“Trust God, have faith, stick it out.” In the depths of the Great Depression, following years of worry and instability, these words by Norman Vincent Peale were a balm to millions of Americans. They offered hope and encouragement, paired belief in oneself with a sunnier future for all, made religious belief a cornerstone to wealth and prosperity, and urged Americans to find religious solutions to individual and national problems.
From his pulpit in midtown Manhattan, with the aid of a vast publishing empire and media platform, Peale issued weekly reminders that well-being and piety were inseparable. Belief in oneself was unlikely to endure, he warned, without fervent belief in God. Americans were newly encouraged to see themselves as living “under God,” while Go to Church messages cropped up everywhere. Peale tied the nation’s success and growing affluence to its heightened religiosity—in ways that still resonate. His most notorious acolyte, president-elect Donald Trump, appealed to voters in the recent election by offering them the same set of promises and assurances.
With a group of conservative allies in the early 1950s (among them President Dwight Eisenhower and FBI director J. Edgar Hoover, a trove of papers and letters now confirms), Peale imbued such promises with stronger nationalist significance than ever before. The American Foundation of Religion and Psychiatry, Inc., the nationwide evangelical organization he co-founded in this same era, encouraged individuals, politicians, and corporations alike “to accept religiously motivated ideas and ideals as a means of solving problems.” Peale himself was clear about the consequences of pairing positive psychology with conservative populism and nationalism: “Emotion breeds enthusiasm, and enthusiasm is that which is necessary to Christian world conquest.”
After throwing his considerable weight behind Senator Joseph McCarthy on the need to expose “subversives” in the federal government, Peale broadcast his upbeat message in The Power of Positive Thinking. This runaway bestseller, which for two years rivaled the Bible in sales, opened by urging the reader, “Believe in Yourself! Have faith in your abilities!” Peale quickly pivoted to insisting, as in all his other writing, that the faith be religious in character. To maintain it, readers could try “prayer power,” which would aid the nation’s “spiritual mobilization.” The minister was part of a nationalist movement promising “freedom under God” and encouraging Americans to think of their elected representatives as providing nothing less than “government under God.”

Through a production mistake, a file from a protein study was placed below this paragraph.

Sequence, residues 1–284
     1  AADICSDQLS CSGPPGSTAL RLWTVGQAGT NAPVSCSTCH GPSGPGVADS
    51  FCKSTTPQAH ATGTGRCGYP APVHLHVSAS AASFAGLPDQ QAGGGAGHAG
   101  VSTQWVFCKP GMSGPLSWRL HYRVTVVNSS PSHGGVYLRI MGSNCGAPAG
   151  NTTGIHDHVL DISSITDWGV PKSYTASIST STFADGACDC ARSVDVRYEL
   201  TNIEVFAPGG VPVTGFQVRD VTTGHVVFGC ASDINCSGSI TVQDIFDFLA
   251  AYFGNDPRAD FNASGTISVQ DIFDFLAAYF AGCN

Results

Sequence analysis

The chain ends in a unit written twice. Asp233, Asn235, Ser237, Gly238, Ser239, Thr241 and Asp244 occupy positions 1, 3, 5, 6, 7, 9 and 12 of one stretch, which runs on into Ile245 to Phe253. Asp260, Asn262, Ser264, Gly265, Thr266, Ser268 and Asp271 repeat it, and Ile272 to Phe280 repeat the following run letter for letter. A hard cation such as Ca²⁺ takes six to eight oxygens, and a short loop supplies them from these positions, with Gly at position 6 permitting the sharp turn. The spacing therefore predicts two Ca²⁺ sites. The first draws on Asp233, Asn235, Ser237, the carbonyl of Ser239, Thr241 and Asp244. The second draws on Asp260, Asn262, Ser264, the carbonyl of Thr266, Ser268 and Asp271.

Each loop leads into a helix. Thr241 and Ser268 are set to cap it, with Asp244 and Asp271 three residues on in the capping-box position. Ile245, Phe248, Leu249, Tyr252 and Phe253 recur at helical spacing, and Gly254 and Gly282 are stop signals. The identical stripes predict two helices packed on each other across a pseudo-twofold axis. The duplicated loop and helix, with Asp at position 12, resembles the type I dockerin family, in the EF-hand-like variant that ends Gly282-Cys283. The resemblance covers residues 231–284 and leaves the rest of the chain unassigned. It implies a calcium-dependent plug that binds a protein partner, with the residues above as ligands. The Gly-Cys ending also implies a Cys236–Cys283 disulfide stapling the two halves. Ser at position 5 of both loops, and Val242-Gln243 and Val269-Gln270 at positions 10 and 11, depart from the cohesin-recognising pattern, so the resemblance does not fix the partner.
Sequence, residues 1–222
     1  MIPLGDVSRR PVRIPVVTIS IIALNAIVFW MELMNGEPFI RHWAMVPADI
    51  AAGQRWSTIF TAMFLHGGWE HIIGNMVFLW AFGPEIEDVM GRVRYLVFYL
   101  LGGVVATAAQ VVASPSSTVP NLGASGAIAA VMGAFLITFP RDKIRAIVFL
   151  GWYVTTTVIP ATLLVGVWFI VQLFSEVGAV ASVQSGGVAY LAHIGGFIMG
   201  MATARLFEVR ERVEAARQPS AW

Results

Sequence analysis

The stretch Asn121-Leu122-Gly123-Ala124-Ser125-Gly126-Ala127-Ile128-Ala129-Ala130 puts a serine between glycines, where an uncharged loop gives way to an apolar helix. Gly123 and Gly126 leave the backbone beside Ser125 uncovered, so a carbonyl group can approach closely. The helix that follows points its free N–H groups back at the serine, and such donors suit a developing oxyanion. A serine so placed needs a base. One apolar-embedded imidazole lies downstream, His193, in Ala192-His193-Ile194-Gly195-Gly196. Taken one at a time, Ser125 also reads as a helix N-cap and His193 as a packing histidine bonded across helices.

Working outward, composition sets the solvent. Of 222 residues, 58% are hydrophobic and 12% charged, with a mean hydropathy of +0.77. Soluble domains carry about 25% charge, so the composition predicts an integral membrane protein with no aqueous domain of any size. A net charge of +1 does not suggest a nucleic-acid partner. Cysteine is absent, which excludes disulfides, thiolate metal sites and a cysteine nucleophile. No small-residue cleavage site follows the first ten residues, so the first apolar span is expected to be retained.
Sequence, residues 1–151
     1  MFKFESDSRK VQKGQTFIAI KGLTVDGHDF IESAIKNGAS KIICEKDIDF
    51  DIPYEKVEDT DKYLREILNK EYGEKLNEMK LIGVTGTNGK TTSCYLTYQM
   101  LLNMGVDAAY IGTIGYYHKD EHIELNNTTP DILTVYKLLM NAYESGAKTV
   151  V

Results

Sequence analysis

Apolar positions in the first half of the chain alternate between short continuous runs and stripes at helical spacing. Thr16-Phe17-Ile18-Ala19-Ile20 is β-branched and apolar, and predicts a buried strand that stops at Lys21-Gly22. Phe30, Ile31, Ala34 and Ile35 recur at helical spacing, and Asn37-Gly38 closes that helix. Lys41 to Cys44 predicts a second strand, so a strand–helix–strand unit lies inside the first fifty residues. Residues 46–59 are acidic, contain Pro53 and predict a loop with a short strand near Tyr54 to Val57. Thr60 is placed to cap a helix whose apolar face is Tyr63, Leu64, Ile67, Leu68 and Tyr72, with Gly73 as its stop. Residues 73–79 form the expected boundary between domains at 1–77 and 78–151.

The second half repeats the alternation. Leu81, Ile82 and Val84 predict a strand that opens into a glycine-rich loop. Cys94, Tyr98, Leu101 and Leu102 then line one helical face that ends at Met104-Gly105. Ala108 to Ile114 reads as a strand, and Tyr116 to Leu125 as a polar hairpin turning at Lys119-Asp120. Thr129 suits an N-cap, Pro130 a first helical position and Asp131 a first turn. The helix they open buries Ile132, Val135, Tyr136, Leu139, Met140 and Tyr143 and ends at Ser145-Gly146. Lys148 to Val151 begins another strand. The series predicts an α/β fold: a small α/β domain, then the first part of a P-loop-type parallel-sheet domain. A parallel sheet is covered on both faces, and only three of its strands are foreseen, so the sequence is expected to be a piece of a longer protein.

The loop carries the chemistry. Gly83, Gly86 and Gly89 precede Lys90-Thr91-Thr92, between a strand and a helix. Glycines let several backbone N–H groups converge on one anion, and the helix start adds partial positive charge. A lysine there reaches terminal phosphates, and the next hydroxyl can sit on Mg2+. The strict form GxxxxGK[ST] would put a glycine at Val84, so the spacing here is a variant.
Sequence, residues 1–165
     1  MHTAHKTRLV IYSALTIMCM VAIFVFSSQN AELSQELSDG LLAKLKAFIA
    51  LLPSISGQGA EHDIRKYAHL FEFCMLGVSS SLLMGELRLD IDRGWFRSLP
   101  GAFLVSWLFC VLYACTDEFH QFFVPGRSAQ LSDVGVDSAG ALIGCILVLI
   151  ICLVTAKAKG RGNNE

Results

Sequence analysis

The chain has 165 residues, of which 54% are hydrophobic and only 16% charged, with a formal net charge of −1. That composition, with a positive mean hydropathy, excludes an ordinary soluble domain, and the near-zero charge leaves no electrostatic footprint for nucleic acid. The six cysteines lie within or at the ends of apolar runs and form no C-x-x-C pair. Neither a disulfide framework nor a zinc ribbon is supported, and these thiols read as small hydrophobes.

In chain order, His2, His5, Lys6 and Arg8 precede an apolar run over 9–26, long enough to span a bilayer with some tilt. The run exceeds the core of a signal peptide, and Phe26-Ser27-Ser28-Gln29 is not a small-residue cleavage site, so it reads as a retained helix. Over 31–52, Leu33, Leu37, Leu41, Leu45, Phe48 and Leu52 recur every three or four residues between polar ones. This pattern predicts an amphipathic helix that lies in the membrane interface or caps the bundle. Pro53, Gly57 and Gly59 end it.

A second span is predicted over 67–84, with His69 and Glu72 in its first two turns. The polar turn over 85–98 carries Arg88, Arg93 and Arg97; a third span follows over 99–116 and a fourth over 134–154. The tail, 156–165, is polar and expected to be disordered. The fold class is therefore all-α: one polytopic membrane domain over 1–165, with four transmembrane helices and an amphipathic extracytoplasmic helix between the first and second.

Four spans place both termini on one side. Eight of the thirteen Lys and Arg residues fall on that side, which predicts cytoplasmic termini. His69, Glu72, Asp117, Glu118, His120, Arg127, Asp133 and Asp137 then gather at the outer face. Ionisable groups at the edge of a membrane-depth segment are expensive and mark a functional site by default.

By turns pep talk, sermon, and sales pitch, Peale’s book on positive thinking made reference to God ninety-one times, with forty-nine further allusions to the Bible. Originally titled The Power of Faith—and retitled, according to Peale, after some personal reluctance—the book devoted a large portion of its pages to evangelizing. Over and over, Peale stressed, religious belief was a necessary condition for belief in oneself and the nation. Already he had publicly berated President Franklin D. Roosevelt for being “indifferent to religion” and warned America, “The man who shows no interest in Christianity and fails to support it is the real enemy of our social institutions.”
By repeatedly equating commercial acumen with piety, uncertainty with religious doubt, and personal and cultural failure with collectivism and godlessness, Peale and his admirers helped redefine religious Americans as socially superior winners (the “better people,” he once called them). By 1957, anything resembling “a low opinion of yourself” had come to seem anathema, “an affront to God.” Spotlighting the normally hidden underside to positive psychology, Peale warned the nation, “Never entertain a failure thought.” He would tell those prone to such thinking, “[Y]ou’re disintegrating. You’re deteriorating. You’re dying on the vine.”
After decades of attending Peale’s services, Trump named Peale and his writings among his strongest influences. Marble Collegiate Church has since disowned the president-elect, largely because of his excesses on the campaign trail, but Peale’s influence persists in Trump’s careful tying of optimism and renewal with Christian nationalism.
One consequence is continued expansion of the equating of health and wealth with religious salvation. Another, directly related, is that failure and disappointment result from inadequate faith in oneself, God, and the nation. Just as Peale did in the 1950s, Trump declared in January 2016: “Christianity, it’s under siege.” The president-elect pledged to “protect” the religion as president. According to election data, white evangelicals voted for Trump by an 81-16 percent margin, mainline Protestants by 58-39.
Peale half-counseled, half-preached that religious faith was essential for the achievement of wealth and success. Trump’s even broader message is that national success and affluence appear “blessed,” religion being the path to personal and national redemption. The unbelieving and the differently religious may wonder if they have any real presence in this vision of America. In his recent Union League speech in Philadelphia, the president-elect made a statement bearing equal parts promise and threat: “We will be one nation, under one God, saluting one flag.”